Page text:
In her first bid for elected office, Carolyn Goodman crushed a politically experienced rival Tuesday and established a Goodman dynasty at Las Vegas City Hall.
The news reached her as she awaited results at campaign headquarters with her husband, Mayor Oscar Goodman.
"She’s got it! She’s got it!" gushed a supporter who ran into the room, setting off cheers among the crowd.
"It is the most exciting time," Carolyn Goodman said, promising to use her time as mayor to build on her husband’s efforts.
"The most beautiful thing about this night is that it was done with class and dignity," she said.
With all precincts reporting, Goodman captured 61 percent of the vote. Her opponent, Chris Giunchigliani, had 39 percent.
The mood among the 300 or so supporters gathered at Goodman’s campaign headquarters was confident and relaxed throughout the evening. Several polls had showed her comfortably ahead.
Her victory was on par with the wins Oscar Goodman racked up in his mayoral races.
In 1999, for example, he cruised to his first electoral victory with a 64 percent to 36 percent rout of his opponent.
Over the next 12 years, the former mob attorney became the face of Las Vegas, particularly when it came to promoting downtown redevelopment, with a signature style that included showgirls, martinis and a big mouth that was prone to say just about anything.
Carolyn Goodman, whose background is in education and counseling, has promised to be a more sober mayoral character, although she has made it clear that her priorities will closely track her husband’s.
Oscar Goodman, meanwhile, wondered whether he would suffer an identity crisis now that he’s on his way out.
"I have no idea who I am anymore," he quipped after his wife’s acceptance speech. "I don’t know if I’m the mayor or the ex-mayor."
When asked what he’ll do after he leaves office, he said, "I’m going to be her showgirl."
Carolyn Goodman, 72, is scheduled to take office July 6. The next mayor cannot accept outside employment and will be paid an annual salary of about $130,000 during the four-year term.
This is Giunchigliani’s first electoral loss. She first ran for office in 1990, winning a seat in the Assembly, and she is now in her second term on the Clark County Commission.
Giunchigliani, 56, and her "G Unit," as her supporters dubbed themselves, kept up a positive attitude as the gloomy results rolled in. They maintained hope for good news and cheered Giunchigliani as she gave a television interview, saying, "We are not ready to give up!"
At least, they weren’t until shortly after 9 p.m., when it was clear that Goodman’s commanding lead would hold. Giunchigliani called to concede.
But that doesn’t mean she lost, she told her cheering supporters at her campaign headquarters.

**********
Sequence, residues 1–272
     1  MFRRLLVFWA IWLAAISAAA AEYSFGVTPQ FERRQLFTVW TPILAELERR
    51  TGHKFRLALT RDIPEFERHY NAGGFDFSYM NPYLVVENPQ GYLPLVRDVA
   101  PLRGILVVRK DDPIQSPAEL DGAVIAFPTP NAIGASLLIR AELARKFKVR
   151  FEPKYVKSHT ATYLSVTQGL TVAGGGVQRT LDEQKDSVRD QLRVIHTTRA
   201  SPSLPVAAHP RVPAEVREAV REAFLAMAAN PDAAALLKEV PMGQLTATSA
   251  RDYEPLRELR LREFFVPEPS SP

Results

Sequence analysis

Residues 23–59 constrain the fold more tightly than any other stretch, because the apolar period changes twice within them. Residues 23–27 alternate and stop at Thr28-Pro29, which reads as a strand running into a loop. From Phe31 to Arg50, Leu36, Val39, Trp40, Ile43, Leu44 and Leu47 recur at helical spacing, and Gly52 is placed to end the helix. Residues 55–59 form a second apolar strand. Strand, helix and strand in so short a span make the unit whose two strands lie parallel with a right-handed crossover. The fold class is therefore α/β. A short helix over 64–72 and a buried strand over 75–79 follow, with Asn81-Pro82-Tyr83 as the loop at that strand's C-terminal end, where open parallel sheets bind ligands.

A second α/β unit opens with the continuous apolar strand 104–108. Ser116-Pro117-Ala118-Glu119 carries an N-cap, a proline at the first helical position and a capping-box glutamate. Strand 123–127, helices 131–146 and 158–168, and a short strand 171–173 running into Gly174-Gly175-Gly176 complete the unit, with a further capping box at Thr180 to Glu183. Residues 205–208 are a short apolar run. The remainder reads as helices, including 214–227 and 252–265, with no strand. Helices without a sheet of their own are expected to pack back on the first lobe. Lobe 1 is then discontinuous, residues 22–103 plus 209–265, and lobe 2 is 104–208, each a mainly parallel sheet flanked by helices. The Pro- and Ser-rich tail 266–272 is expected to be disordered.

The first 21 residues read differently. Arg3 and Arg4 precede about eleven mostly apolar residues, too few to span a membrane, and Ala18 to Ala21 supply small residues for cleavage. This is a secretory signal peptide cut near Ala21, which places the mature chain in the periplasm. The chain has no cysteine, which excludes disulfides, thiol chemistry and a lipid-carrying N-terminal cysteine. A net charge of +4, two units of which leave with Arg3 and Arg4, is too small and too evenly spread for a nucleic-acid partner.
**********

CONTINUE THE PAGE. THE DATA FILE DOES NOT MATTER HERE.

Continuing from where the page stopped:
"We didn’t lose tonight. We won," she said. "I don’t see this as a loss. It’s another opportunity."
The Goodman name was a huge factor in the race, she said: "Extremely. I was running against a name and an incumbent."
When a reporter asked about Goodman’s win, someone in the crowd scored some laughs by calling out, "Oscar won."
Giunchigliani urged people to start turning their attention to the 2012 presidential and U.S. Senate elections and to the city issues raised during the campaign. She also said she hopes to work with the new mayor.
"I’m still a county commissioner," Giunchigliani said. "No matter what, I’m not going away."
Giunchigliani knew all along that she was running against the Goodman "brand." She criticized it by saying that more redevelopment should have taken place during the mayor’s tenure, and tried several "change"-themed approaches in an effort to get voters to look at the region’s economic woes as a reason to pick someone new for the highly visible mayoral post.
The economy came up frequently in campaign conversations. Both candidates promised to promote job growth and business recruitment, to address the impact of foreclosures on neighborhoods and to streamline city services.
As Election Day neared, the gloves came off. Giunchigliani mocked Goodman as unqualified to be anything except the mayor’s husband. She also tried to get traction out of a city mailer about budget matters and a robocall by Oscar Goodman urging people to vote. The mailer was paid for by the city; the robocall came from the campaign. Neither advocated for his wife, but Giunchigliani’s camp said he was using his office to help her on the sly.
Goodman’s campaign dredged up a clip of Giunchigliani arguing with University Medical Center officials and tried to make her look shrill and undiplomatic. They also took aim at Giunchigliani’s reputation as a liberal Democrat with strong union ties.
Originally, 18 people signed up for the race to be the next mayor. Goodman and Giunchigliani jumped in just before filing closed, injecting even more electricity into a race that was going to be closely watched.
Both were immediately considered strong contenders — Goodman because of her husband and her work turning the Meadows School into a community institution, Giunchigliani because of her long record in the Legislature and on the County Commission.
Still, Giunchigliani had to work hard to make the general election. She edged out fellow County Commissioner Larry Brown in the April primary by 15 votes while Goodman maintained a strong lead in polling throughout the entire campaign.
Reporters Mike Blasky and Lawrence Mower contributed to this report. Contact reporter Alan Choate at email@example.com or at 229-6435.